In Taiwan, the cost of Covid-19 vaccination is too high.

I’m not talking about the financial cost. The government-paid vaccine is available to people in the prioritized groups. And even the self-paid vaccine is capped at a reasonable NT$600 (US$21).

I’m talking about the transaction cost of getting vaccinated.


Photo Credit: Shen-yi Liao

A poster on Covid-19 vaccination procedure at the Taipei Mackay Memorial Hospital.

Currently, if you want to get a Covid-19 vaccine in Taiwan, whether it’s government-paid or self-paid, you would need to take the following steps.

To start, you need to pre-register by checking each hospital’s vaccination appointment web page to see if there is an open spot. If appointment availability is scarce, as it is right now, then you need to check every hospital one by one, each with its own system to navigate. In addition, if you’re a first-time visitor to the hospital where you find an open spot, you also have to fill out a registration form with basic health information, whether online or on paper.

On the day of the appointment, despite the pre-registration, you still have to check in upon arrival at the hospital. Then, you go to a waiting area to receive and complete an assessment form and the vaccination record card. To fill out the assessment form, you have to go to a self-serve station to measure your blood pressure and heart rate. After that, you would go to another waiting room to check in for the doctor consultation. Only after the doctor’s consultation can you go to the injection room, where you receive the Covid-19 vaccine. But that’s not the end: you then stay thirty more minutes at the hospital for observation, before being allowed to leave. From start to finish, you can expect to spend one to two hours at the hospital.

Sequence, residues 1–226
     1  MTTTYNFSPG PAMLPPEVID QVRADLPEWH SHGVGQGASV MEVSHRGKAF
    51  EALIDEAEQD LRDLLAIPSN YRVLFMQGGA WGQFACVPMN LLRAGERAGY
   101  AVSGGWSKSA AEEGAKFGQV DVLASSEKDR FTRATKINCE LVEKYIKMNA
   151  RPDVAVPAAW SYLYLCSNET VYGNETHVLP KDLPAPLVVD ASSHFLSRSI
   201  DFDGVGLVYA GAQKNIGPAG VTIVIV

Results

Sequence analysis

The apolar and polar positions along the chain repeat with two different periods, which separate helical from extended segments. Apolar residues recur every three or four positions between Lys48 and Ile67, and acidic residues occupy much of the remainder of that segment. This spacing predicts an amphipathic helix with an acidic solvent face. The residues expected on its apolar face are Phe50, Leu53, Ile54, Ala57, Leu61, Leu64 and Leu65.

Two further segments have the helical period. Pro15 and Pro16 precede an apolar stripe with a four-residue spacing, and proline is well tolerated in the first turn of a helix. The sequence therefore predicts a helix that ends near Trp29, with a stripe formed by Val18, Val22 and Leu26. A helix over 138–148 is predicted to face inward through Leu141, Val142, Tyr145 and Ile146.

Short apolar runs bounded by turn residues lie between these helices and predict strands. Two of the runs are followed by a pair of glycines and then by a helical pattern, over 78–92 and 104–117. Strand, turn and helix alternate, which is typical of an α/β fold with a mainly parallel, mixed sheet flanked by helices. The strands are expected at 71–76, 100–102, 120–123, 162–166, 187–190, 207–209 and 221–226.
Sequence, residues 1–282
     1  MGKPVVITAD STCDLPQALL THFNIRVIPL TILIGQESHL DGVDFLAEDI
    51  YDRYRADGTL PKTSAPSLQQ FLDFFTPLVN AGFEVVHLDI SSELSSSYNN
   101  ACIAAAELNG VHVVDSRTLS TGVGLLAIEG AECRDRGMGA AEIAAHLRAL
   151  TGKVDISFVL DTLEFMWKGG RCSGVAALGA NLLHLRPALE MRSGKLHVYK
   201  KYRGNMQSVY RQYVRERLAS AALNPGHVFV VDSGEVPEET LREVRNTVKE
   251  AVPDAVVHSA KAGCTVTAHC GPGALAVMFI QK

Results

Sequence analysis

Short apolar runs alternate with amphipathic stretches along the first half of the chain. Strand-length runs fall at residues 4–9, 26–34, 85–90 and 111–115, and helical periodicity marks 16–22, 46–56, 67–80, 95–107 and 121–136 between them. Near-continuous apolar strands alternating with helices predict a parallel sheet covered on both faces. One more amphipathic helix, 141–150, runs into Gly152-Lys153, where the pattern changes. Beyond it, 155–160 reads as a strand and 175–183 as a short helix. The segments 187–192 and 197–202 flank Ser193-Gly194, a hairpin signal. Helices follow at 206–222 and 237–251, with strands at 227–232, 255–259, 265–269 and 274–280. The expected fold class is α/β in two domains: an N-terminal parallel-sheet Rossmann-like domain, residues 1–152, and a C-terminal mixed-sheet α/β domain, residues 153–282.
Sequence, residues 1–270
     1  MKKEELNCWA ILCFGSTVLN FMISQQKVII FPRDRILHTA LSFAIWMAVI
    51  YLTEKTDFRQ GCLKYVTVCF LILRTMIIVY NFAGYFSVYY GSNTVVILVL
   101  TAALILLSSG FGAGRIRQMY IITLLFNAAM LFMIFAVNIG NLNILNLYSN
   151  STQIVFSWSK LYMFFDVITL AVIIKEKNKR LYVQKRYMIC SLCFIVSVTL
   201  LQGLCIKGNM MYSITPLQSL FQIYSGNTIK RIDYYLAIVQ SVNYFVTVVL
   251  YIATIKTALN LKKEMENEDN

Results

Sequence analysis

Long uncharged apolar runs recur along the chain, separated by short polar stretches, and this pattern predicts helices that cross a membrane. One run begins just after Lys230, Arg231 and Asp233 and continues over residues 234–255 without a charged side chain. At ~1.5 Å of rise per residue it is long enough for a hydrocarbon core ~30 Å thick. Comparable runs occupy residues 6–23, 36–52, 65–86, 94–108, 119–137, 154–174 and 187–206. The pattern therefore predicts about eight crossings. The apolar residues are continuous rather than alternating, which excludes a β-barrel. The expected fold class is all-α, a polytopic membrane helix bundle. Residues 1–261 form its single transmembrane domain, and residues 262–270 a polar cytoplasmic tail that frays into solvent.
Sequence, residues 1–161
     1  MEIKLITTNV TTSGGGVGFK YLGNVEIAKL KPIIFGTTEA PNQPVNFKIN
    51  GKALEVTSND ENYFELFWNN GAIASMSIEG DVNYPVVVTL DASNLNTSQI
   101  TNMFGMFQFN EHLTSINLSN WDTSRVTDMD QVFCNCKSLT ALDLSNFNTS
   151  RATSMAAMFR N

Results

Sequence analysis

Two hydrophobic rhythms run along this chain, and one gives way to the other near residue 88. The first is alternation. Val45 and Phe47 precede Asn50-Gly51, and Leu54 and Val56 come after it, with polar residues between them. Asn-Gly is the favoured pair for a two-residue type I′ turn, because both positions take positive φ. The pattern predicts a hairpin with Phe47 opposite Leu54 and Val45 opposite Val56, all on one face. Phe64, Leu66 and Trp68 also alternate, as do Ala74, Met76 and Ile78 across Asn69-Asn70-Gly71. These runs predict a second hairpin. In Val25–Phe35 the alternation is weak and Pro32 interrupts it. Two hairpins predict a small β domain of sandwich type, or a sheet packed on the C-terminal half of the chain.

That’s a lot of steps and a lot of time.

In contrast, nowadays far fewer steps are required for receiving a Covid-19 vaccine in the United States. Americans can simply walk into a pharmacy to be vaccinated. There is no blood pressure check. There is no doctor consultation. And the observation time is shorter, too. From start to finish, those in the U.S. can expect to be done in less than thirty minutes.

Taiwan’s government has done well to make vaccination available at a low financial cost. But availability is not the same as accessibility. To make vaccination accessible, the government must do more to reduce its transaction cost, too.

The issue is not only a matter of efficiency, but a matter of equality. Judging by anecdotal evidence, the people who have been vaccinated — especially via self-paid vaccines — tend to be economically advantaged, such that they can afford to take a couple hours out of their day to go through the many required steps. They also tend to be socially advantaged in other ways, like being able to navigate the online pre-registration step with ease, and being able to communicate in a locally dominant language with fluency. Others have friends who are fluent and familiar with Taiwan’s medical bureaucracy and are happy to assist them. Conversely, other people — even those who are eligible for government-paid vaccines — have not been able to get vaccinated due to their socioeconomic disadvantages. They cannot afford to take the time out of their work day, they cannot easily find an open spot online, and they cannot easily fill out the numerous forms. While the recent local transmission cases have increased overall vaccine uptake, in all likelihood they have also increased the inequality with who gets vaccinated and who doesn’t.